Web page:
At the same time, all human endeavors involve risk. As much as we would like to avoid it, risk is a part of our daily lives. We choose to drive cars, play sports, and eat foods that we know are potentially unhealthy. What is important is managing risk. We can wear seat belts, wear helmets, and watch our diets. Informed decisions about the risks we face allow us to address these risks in a practical way. Through science and study we can assess the risks that various activities or products pose, prioritize those risks to determine which are most hazardous to our health or the environment, and allocate our resources where they will have the greatest benefit on our lives.

Unfortunately, the precautionary principle abandons this process with a “regulation first” attitude that lumps all potential hazards together, no matter how remote the risk. This creates a broad mandate for regulation that can impose significant costs on consumers. Already, Americans face a regulatory burden of more than
$800 billion a year. The expansive precautionary principle would only increase the burden on American consumers—without the insights or analysis that science can provide or any guarantee that the new costs are necessary.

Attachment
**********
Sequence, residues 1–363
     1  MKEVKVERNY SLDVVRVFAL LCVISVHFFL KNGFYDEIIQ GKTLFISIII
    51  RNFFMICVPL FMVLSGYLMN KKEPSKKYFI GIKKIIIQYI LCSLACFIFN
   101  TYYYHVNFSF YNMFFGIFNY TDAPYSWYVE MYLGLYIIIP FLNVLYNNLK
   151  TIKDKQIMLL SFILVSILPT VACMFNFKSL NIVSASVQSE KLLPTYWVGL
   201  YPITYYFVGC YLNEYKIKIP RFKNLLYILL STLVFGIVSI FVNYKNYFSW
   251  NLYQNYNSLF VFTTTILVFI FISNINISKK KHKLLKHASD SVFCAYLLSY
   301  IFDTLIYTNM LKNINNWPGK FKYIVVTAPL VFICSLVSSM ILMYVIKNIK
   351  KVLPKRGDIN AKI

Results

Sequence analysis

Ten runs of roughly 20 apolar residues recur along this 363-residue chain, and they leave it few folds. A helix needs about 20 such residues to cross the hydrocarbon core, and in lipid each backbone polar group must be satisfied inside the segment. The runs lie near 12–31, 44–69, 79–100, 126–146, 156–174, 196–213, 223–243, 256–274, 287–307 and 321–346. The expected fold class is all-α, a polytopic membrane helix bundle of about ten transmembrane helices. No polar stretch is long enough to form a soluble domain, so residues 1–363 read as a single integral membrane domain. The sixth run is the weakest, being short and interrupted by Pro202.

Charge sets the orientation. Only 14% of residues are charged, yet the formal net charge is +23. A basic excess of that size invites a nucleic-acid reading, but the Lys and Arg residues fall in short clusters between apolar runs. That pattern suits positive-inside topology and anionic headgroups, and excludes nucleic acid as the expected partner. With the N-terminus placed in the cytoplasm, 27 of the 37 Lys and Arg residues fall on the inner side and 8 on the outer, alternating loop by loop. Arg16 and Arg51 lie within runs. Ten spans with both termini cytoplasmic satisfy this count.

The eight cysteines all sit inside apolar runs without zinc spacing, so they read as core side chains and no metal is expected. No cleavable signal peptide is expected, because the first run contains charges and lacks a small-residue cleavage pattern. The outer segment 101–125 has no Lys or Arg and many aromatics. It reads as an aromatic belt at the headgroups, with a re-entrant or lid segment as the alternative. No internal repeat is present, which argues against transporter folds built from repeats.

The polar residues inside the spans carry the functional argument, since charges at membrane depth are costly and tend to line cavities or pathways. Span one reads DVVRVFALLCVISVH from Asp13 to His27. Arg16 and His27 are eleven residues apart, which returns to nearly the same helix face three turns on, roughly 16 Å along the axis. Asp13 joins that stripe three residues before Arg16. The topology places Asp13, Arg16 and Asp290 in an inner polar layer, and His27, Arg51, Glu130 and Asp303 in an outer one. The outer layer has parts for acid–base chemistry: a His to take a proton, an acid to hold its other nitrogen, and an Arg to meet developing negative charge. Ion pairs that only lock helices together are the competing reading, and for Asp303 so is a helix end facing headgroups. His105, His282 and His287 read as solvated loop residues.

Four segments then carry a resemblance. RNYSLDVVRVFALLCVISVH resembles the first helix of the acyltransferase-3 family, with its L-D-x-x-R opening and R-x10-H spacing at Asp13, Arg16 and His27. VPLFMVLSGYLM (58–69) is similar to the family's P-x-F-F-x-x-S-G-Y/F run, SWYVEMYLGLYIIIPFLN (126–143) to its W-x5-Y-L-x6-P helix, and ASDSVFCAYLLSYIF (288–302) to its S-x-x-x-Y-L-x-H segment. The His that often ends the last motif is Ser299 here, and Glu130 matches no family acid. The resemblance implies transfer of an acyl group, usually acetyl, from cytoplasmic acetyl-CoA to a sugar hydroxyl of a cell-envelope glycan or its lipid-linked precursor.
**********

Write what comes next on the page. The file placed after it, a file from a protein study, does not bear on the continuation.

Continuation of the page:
Finally, the precautionary principle ignores the trade-offs inherent in an expanded regulatory regime. We know, for example, that income is a significant factor in health. The more money a family earns, the healthier it can become, purchasing better health care, more nutritious foods, and safer products. Restrictive regulations that limit job growth limit the abilities of families to improve the quality of their lives.

When all is said and done, the precautionary principle adds little to our ability to craft sensible regulation. Instead, it creates a sweeping mandate that opens the regulatory process to subjective analysis and greater political manipulation, while eliminating the ability to evaluate and prioritize risks in a reasonable fashion. With the arrival of the protesters in Washington, the true poverty of the precautionary principle becomes evident. While the green protesters will fervently endorse the precautionary principle as a guiding policy for environmental policy, how many will endorse the Bush administration’s use of a precautionary strike on Iraq?